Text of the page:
Heart-racing music isn’t the only thing that sends jolts of energy through Electric Daisy Carnival attendees.
The sights and performances from non-DJ entertainers electrify the crowd of more than 100,000 just as much.
Onstage next to leading-edge DJs, scantily clad go-go dancers vibe to head-throbbing music as confetti falls .
Roaming in between stages, stilt walkers camouflaged with stuffed animals pose for pictures with bystanders.
Elsewhere, a larger-than-life, inflatable, potato-shaped costume laced with spikes turns heads as it walks down the crowded speedway.
Those performers are among almost 500 hired by Insomniac Productions for the sole purpose of giving attendees a second-to-none experience at the three-day extravaganza.
“We make the experience more rounded and give them something a little bit different,” said Jon Dutch, a member of the wanderlust circus crew. “If you look around here, it’s definitely about the experience of the place. It’s not just about going (for the music), you see some amazing performance and costumes, too. That really adds a lot to the EDC experience.”
Each performer plays a specific character throughout the event and is barred from breaking it among the crowd.
Wearing a white tank top strapped with black suspenders and bowtie, a newsboy cap and pink glitter across his face, Dutch is playing the role of a classic strongman. True to character, Dutch used his strength during an acrobatic stunt on Friday in the middle of Kinetic Field, EDC’s largest venue. With a jam-packed crowd surrounding them, Dutch stacked a man and dancer on his shoulders. The 20-foot-high stunt drew a roar from the crowd.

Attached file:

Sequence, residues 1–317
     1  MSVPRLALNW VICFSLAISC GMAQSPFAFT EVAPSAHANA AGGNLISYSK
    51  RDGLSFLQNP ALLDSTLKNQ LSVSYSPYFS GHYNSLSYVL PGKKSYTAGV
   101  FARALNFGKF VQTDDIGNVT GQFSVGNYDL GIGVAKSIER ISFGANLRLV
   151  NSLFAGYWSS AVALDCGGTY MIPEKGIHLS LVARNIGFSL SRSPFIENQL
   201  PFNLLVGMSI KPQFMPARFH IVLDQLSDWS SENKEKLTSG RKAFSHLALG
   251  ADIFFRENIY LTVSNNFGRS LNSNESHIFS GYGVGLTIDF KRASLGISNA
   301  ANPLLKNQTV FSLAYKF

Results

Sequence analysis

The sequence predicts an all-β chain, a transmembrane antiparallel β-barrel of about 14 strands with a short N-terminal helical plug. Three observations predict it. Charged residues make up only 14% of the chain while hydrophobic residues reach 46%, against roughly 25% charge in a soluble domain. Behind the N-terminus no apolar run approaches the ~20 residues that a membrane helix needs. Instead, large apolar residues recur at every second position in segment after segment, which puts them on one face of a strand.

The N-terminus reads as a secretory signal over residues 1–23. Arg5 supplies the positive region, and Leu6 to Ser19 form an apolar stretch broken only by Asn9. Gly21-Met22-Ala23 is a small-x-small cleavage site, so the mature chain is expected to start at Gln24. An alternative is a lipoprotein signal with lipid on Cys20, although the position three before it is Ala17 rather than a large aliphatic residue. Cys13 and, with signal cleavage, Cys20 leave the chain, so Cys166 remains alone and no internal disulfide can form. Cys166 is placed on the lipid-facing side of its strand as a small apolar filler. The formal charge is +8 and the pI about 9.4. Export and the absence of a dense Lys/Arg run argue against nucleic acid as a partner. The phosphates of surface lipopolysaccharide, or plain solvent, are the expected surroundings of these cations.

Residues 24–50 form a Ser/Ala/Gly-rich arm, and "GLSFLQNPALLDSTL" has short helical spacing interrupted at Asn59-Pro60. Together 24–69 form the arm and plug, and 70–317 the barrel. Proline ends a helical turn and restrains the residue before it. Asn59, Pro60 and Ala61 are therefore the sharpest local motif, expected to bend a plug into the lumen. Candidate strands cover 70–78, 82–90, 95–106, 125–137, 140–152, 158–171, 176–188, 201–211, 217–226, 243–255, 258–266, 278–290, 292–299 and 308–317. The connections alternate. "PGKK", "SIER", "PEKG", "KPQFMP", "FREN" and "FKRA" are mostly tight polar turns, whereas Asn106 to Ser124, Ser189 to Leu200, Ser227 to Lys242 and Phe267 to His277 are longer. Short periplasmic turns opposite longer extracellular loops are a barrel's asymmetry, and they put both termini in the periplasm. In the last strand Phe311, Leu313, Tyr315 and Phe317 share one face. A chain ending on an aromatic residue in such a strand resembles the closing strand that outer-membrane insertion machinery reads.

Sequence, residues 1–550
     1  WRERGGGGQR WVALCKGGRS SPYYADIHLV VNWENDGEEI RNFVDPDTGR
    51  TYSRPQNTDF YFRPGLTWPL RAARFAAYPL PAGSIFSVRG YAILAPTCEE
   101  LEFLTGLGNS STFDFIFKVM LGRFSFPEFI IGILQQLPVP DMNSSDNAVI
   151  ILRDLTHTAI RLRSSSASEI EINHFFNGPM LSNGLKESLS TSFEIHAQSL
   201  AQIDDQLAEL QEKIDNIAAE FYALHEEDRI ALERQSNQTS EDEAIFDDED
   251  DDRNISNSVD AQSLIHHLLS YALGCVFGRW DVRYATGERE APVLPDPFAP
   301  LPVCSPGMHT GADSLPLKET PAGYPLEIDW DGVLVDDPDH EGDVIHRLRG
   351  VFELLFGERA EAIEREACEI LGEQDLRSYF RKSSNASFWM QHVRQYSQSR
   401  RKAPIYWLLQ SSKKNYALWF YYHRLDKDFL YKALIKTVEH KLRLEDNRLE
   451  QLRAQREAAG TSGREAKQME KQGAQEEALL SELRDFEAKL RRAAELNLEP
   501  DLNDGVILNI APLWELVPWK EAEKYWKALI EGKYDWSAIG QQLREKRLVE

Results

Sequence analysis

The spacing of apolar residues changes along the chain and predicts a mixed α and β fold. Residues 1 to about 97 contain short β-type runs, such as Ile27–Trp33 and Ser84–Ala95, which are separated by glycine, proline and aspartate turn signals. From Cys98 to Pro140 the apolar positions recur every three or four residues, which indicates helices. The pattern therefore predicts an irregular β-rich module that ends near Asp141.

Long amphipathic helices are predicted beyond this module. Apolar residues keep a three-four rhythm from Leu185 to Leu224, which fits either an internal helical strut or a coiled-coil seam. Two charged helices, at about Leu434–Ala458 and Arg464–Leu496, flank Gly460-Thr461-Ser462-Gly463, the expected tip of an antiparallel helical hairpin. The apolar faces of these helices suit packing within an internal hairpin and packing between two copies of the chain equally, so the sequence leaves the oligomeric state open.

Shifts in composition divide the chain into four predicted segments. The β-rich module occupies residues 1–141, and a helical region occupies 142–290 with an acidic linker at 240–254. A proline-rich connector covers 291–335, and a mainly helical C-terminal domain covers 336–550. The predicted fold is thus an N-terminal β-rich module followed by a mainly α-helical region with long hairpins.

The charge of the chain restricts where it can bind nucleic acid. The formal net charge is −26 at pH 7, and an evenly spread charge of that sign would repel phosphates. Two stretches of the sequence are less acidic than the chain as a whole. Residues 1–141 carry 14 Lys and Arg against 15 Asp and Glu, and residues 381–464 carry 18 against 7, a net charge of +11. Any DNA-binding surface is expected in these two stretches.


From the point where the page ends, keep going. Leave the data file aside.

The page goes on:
Dutch’s strength comes from his college football days. The now-30-year-old became a circus performer six years ago.
His distinguished background is one of many in the cast of performers, who include people from cities across the country and different day jobs.
Take Jeff Vue, 26, of Fresno, Calif. By day, Vue is a manager of a Panda Express restaurant. During EDC weekend, Vue transforms into a robotic cop dubbed “dancerformer.”
The polar-opposite jobs makes Vue appreciate the EDC atmosphere.
“The crowd sees you as a performer, and it warms your heart and it opens up their heart,” Vue said. “Everyone here loves each other, and that’s what it’s all about.”
The performers are separated into three subcategories: dancers, circus performers and elaborate costume wearers. All share the same driving force .
“The crowd is what drives us,” Vue said. “It motivates us, as performers, to pump up the crowd and make them come alive with the music.”
The same fan-to-entertainer connection is what sparked Hillary Wagener to become a performer. The 20-year-old attended EDC a year ago as a spectator. This year, Wagener played an electric butterfly, a role she described as a “mix between Las Vegas showgirl, go-go dancer and Victoria’s Secret model.”
Her costume was nothing short of glamorous, with big light-up butterfly wings, sparkle eyes and an edgy bright pink mohawk.
Tasked with applying makeup for 500-plus performers are five makeup artists. Each has a specific job whether it be airbrushing, glam artistry or “specialty” makeup.
Sometimes, the small makeup staff leads to a logjam. According to Wagener, she arrived at EDC at 2 p.m. Saturday. But it was 11 p.m. before she was finished and ready to entertain the crowd.
Despite the wait time, the one-of-a-kind experience of entertaining a sold-out crowd makes up for it.
“It’s an adrenaline rush to be up in front of that many people with camera and lights everywhere,” she said. “People are constantly filming you and trying to take pictures of you. And you’re within five feet of a famous DJ, so that’s always exciting.”